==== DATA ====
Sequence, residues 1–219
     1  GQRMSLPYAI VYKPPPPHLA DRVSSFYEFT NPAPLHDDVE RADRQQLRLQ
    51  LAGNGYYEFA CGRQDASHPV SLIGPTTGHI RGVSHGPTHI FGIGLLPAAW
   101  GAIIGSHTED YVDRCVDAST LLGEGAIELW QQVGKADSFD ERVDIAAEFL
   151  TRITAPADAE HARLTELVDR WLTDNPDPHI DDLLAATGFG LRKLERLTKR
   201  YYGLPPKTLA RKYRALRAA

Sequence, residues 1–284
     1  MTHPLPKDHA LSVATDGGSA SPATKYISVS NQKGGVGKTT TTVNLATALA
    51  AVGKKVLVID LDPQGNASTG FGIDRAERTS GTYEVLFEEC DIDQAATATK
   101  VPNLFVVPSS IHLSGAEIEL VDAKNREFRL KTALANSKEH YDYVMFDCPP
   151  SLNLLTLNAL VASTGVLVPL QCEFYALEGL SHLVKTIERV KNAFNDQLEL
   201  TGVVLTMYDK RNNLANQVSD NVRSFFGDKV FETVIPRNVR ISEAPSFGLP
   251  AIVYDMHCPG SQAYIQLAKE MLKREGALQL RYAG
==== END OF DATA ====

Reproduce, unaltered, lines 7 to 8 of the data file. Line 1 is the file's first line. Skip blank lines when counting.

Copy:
Sequence, residues 1–284
     1  MTHPLPKDHA LSVATDGGSA SPATKYISVS NQKGGVGKTT TTVNLATALA